You’ve probably heard your favorite band being played in your local coffee shop, but you probably have never seen your favorite band there, unless your local coffee shop is Barista Parlor in Nashville, TN. But then again, Barista Parlor is far from your typical coffee shop.
Tucked away in a remodeled garage just off of Gallatin Ave, East Nashville’s main thoroughfare, Barista Parlor is marked by a giant horizontal anchor and a rather garish orange and blue exterior. The high-ceilinged interior has the aura of an abandoned WWII hanger, which may be influenced by BP’s penchant for 1940s and 50s music and vintage decor. Customers chat at hand-crafted tables that circle an island of high end coffee machinery. The far wall is filled with a contemporary art piece of a pixilated ship which only becomes visible when viewed through a smart phone or camera. Owner Andy Mumma’s meticulous attention to detail has even attracted the attention of the New York Times, whose article talked more about the furniture than the coffee.
If there’s one word to describe Barista Parlor’s approach to specialty coffee it’s maximalist. Make no mistake, the 2nd wave initiated customer may be confused by the lack of frills: no soy milk, no skim milk, no blenders, and only a sparse selection of syrups, all made in-house. But while Barista Parlor may be unapologetic purists when it comes to their craft, they have an overwhelming number of coffee choices.
With coffee offerings from Coava, Counter Culture, Intelligentsia, Madcap, Sightglass, and Stumptown, BP is torturous for the indecisive coffee aficionado. In keeping with BP’s “more is more” approach to coffee, filter coffees can be enjoyed on V60, Woodneck ‘Nel’ Brewers, and Siphon. When Darren visited this past weekend, two new hario halogen beam heaters had been installed in preparation to be added to the menu. Three gorgeous Yama cold brew drippers are at work during the warmer months and a 3 group head Slayer serves up 3 different espresso options- 1 blend and 2 single origins. In other words, it’s really easy to over-caffeinate at Barista Parlor.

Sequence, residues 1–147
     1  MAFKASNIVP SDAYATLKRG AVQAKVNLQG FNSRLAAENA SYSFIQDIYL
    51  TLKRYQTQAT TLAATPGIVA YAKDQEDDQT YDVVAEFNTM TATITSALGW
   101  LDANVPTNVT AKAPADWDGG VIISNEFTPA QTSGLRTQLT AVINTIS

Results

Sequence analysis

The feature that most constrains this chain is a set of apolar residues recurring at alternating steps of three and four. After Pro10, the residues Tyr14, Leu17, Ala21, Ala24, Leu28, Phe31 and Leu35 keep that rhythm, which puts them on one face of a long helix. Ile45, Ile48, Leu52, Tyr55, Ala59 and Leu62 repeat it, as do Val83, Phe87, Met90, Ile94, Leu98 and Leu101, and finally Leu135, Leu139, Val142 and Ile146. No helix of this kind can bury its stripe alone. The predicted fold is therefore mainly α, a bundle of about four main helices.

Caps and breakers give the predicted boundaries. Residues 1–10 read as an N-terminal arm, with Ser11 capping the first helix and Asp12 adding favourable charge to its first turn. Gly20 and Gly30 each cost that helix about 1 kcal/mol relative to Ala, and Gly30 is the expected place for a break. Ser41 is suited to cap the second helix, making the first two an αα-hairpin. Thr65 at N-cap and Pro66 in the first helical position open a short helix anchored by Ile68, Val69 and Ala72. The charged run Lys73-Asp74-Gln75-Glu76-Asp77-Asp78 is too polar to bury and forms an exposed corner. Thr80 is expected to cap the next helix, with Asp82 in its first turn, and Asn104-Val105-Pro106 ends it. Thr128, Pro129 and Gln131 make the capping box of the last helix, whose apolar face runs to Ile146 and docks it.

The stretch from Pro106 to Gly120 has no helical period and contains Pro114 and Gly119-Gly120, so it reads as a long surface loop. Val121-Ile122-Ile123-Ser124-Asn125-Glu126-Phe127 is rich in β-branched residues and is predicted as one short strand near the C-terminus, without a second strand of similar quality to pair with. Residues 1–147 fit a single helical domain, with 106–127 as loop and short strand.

Slain by the Coffee Experience
I started things off with a shot of Coava’s Kilenso, Sidama. It’s a natural process that wasn’t roasted for espresso, but brewed on the Slayer it was all berries and dark chocolate. In a cappuccino it was blueberries and cream. I also had a shot of Sightglass’s signature Owl’s Howl espresso blend. I visited Sightglass’s roastery back in March, and Barista Parlor is slaying (an affectionate verb used casually by the baristas for pulling shots on a Slayer) Owl’s Howl just as well. Lee Sill, a barista at the parlor explained that the shop went with the Mazzer Major flat burr grinders in favor over the conical Mazzer Robur E’s seen in most shops because they simply had better results with the flat burrs.
Next I moved on to filter with a pour over of the Santa Sofia, El Salvador, also roasted by Coava. It was a very sweet, delicate coffee and immensely drinkable. Andy surprised us with samples of a Stumptown microlot and 2 iced pour overs, but unfortunately I forgot to write down the names. None of them failed to impress. I did find BP’s brew method for the V60 to have a really light mouthfeel, and my palate was struggling to pick up the more subtle characteristics.
For lovers of artisan chocolate BP carries chocolate from legendary Brooklyn-based chocolatier Mast Brothers and Nashville’s own Olive and Sinclair. As shown by the hefty price tag, these rich chocolates are for slow savoring- not a quick sugar fix. In case you’re looking for a helping of soul food- this is the South after all- every Friday BP offers a chicken and waffles brunch.
So if you’re in Music City and you’re looking for a great cup of coffee, a beautiful space to anchor down, and time to enjoy the finer things, look no further. Just don’t gawk at the rockstars.
*post made beautiful by photography from Brian Moats Photography © 2012
3 thoughts on “Barista Parlor: Anchoring Nashville’s Coffee Scene”